saxon-and-parole-pavlova-promo-noah-fecks.png Noah Fecks
Saxon and Parole Executive Chef Brad Farmer is smashing dessert expectations with a healthier take on the classic pavlova.

Having your cake and eating it too: Chefs make healthier desserts

Nutrient-dense sweets delight customers

Awhile back, chef Juan Muñoz of San Francisco-based Proper Food was exploring desserts that would satisfy his sweet tooth without compromising health and nutrition.

“I wanted to create a bar that tasted indulgent, but wasn't chockfull of refined sugar and unhealthy fats,” Muñoz said.

The result is the Proper Energy Bar, a dessert made with a mixture of coconut, peanut butter, rolled oats, cherries, goji berries, dark chocolate, flax seeds and sea salt.

Muñoz says the bar is not only delicious, but the ingredients have health benefits, such as antioxidants in the goji berries and the dark chocolate, omega-3 fatty acids in the flax seeds, complex carbohydrates in the rolled oats, and protein and monounsaturated fats in energy-rich peanut butter.

Like Muñoz, chefs across the country have been responding to consumers’ growing interest in healthy food and beverages over the past few years by adding them to their main menus, and, more recently, to their dessert menus.

The culinary team at Coolgreens, a chain based in Oklahoma City, Okla., with a focus on healthy lifestyles, sought to do a more nutritious take on an American classic: The chocolate chip cookie.

“Our cookie is baked with whole-wheat flour, dark chocolate, oats, coconut, almonds and bananas,” said Coolgreens vice president of operations Todd Madlener.Each of these ingredients have their own health benefits like fiber, antioxidants and vitamins.”

Madlener says the cookies have been “flying off the shelves” since they were introduced to the menu.

Little Sesame, a new fast-casual hummus bowl and pita sandwich concept in Washington, D.C., seeks to bring exciting Israeli flavors to its guests, and to satisfy their sweet tooth with all-natural, dairy-free soft serve.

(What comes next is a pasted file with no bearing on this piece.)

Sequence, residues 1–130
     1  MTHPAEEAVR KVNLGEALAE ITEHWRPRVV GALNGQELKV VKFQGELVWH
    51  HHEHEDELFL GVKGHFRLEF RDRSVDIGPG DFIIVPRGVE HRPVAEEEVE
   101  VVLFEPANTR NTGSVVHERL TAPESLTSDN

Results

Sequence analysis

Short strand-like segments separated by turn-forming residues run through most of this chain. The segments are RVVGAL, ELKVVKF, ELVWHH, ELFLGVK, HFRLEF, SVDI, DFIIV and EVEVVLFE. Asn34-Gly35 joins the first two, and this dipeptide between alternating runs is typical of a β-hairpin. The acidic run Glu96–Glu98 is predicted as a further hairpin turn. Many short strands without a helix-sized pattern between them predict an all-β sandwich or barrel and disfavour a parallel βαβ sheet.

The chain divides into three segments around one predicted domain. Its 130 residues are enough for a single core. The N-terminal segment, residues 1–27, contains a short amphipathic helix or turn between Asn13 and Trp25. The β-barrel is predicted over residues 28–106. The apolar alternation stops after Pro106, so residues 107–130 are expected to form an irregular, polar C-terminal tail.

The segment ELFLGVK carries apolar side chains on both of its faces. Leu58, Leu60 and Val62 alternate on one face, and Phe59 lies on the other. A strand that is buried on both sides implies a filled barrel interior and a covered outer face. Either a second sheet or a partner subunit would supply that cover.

Made with ingredients such as silken tofu, vanilla, and raw tahini, the soft serve is available in flavors such as Vegan Vanilla and Dark Chocolate, and with toppings such as unsweetened cocoa nibs, sesame-based halva dust, and a “soomsoom crumble” of sesame and rose petals.

“It’s good for you and good for the environment,” said Nick Wiseman, Little Sesame’s co-owner and chef.

On April 3, True Food Kitchen, the seasonally-based casual chain founded by integrative medicine’s Dr. Andrew Weil, will launch its spring menu with a healthier twist on a traditional Key lime dessert.

Both vegan and gluten-free, True Food’s new Key lime mousse is made with Key lime juice, lime zest, coconut cream, and avocado, and is served over an almond crumble and topped with macerated strawberries.

But it’s not just concepts founded by doctors or focused on healthy lifestyles that are getting in on this dessert trend — even the meat-centric Saxon and Parole in New York City neighborhood is offering a better-for-you take on a classic dessert.

“One of my favorite desserts is pavlova,” said executive chef Brad Farmerie.  “I have a pavlova every year for my birthday, and as much as I love the traditional strawberry/kiwi/lemon curd combo, I wanted to bring a healthier twist to the classic dessert.”

To make his version of the meringue-based dessert, Farmerie uses aquafaba, the leftover liquid from chickpeas, instead of traditional egg white, to make a meringue, then in place of the traditional whipped cream or lemon curd, he uses a black bean pasty cream, made from black bean powder, almond milk and vanilla. He finishes the dish with orange and grapefruit segments.

Similarly, at Rhubarb, a “freestyle American” restaurant in Asheville, N.C., pastry chef Kaley Laird offers a Brownie Batter Bowl.

To make it, Laird mixes dates or prunes, sweet potato, white beans, melted chocolate and a touch of honey in a food processor and then layers the mixture with cashew butter, pieces of chocolate ganache and candied nuts. Then, as if you were sneaking an illicit spoonful of cake batter before baking, the dessert is served in an oversized metal bowl with a wooden spoon.

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